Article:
Our Lady’s Coronation
Country : Italy (Rome)
Year : 1140
The idea of a coronation of Mary in Heaven after her Assumption took its rise in an accommodation of the words in the Song of Songs (4:8), “Come, my bride, from Lebanon…thou shalt be crowned…,” and was chiefly developed and popularized by iconography.
The earliest existing example is probably the mosaic in Santa Maria in Trastevere at Rome, where Our Lady is depicted already crowned, sitting at the right hand of her Son; this dates from about 1140. A century later there appeared what became the usual design, Christ putting a crown upon His Mother’s head.
The theme was popular in English medieval carving, and it was everywhere highly embroidered and developed at the Renaissance. Among more recent artists the subject has aroused little interest, and Catholics today are familiar with it chiefly from the last glorious mystery of the rosary.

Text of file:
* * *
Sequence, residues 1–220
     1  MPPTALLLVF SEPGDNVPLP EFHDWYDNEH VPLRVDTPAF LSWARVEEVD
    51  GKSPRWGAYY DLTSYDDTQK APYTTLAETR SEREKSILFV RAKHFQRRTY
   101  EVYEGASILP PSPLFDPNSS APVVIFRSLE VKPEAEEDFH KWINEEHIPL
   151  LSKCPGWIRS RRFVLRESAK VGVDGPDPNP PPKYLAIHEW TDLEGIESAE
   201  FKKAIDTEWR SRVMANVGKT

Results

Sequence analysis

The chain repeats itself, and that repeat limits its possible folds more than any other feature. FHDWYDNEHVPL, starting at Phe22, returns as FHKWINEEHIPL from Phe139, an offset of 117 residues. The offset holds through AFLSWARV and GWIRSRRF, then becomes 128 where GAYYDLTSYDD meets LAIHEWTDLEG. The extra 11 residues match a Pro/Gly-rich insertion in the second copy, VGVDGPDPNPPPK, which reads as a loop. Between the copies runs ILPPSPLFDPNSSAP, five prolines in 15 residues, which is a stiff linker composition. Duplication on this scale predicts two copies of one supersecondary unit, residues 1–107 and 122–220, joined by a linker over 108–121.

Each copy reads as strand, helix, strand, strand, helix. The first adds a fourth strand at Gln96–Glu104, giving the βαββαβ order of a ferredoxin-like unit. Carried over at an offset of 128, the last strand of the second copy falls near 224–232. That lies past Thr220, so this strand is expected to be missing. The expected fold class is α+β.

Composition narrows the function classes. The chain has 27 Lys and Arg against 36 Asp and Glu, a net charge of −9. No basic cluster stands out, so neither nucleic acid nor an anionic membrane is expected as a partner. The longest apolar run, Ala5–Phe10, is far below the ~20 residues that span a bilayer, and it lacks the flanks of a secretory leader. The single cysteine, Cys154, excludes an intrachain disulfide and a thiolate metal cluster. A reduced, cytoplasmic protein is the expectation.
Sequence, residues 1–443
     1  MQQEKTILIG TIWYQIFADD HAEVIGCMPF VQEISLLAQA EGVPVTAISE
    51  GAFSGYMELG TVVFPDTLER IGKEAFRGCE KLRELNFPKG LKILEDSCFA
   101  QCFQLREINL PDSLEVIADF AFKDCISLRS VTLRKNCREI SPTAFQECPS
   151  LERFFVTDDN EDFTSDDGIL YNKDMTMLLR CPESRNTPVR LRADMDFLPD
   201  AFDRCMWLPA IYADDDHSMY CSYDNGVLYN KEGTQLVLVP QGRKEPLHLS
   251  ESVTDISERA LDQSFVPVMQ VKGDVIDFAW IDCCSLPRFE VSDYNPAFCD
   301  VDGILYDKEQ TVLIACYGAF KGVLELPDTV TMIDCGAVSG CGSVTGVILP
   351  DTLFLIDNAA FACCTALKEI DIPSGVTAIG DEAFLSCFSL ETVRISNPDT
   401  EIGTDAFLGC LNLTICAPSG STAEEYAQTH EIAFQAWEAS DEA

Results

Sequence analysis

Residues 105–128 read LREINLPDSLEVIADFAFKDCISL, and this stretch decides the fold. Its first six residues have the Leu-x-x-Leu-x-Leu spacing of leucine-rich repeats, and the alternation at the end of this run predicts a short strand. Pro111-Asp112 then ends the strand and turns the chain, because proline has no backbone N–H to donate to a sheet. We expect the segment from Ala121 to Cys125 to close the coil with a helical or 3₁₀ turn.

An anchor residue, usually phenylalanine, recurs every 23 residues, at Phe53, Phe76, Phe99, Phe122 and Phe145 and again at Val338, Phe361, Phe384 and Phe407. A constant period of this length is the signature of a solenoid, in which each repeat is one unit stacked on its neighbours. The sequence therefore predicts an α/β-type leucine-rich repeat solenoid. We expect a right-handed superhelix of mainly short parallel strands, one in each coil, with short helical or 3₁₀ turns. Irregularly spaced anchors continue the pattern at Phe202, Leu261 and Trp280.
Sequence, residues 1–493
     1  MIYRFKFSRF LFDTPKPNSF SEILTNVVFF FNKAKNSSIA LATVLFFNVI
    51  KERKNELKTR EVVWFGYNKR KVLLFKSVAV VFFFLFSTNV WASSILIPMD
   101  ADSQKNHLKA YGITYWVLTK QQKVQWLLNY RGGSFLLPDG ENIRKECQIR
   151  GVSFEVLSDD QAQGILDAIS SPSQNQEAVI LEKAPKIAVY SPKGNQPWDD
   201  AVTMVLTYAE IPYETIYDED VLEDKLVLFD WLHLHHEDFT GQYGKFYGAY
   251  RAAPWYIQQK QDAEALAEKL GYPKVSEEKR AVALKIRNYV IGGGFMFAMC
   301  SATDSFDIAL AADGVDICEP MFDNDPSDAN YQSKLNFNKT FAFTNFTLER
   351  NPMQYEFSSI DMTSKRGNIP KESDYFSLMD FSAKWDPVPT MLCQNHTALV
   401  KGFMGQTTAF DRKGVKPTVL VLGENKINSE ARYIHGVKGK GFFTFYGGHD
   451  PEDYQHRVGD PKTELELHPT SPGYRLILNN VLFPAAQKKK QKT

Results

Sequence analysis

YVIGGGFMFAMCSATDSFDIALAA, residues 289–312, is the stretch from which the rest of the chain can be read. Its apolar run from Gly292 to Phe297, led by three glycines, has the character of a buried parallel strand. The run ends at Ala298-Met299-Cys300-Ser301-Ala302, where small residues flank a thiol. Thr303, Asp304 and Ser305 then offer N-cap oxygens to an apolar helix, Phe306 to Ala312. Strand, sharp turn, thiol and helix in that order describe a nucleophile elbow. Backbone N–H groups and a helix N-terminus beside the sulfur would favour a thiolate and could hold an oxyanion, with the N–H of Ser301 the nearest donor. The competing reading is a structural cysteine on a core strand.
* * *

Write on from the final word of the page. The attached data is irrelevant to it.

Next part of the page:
Its meaning suggests the final “moment” of the Assumption and the reference in the Apocalypse to “a crown of twelve stars.” It seems to be a second feast of the Assumption, emphasizing the bodily aspect of the mystery.
St. Mary the Crowned is recalled in the verse of a medieval carol:
“After to Heaven He took His flight,
And there He sits with His Father of might
With Him is crowned that Lady of Light
Filia Sion, thou art the Flower Full sweetly shalt thou sit by Me
And bear a crown with Me in towers:
And all mine Saints to thine honor
Shall honor thee, Mother, in my bliss,
That blessed body that bear me in bower –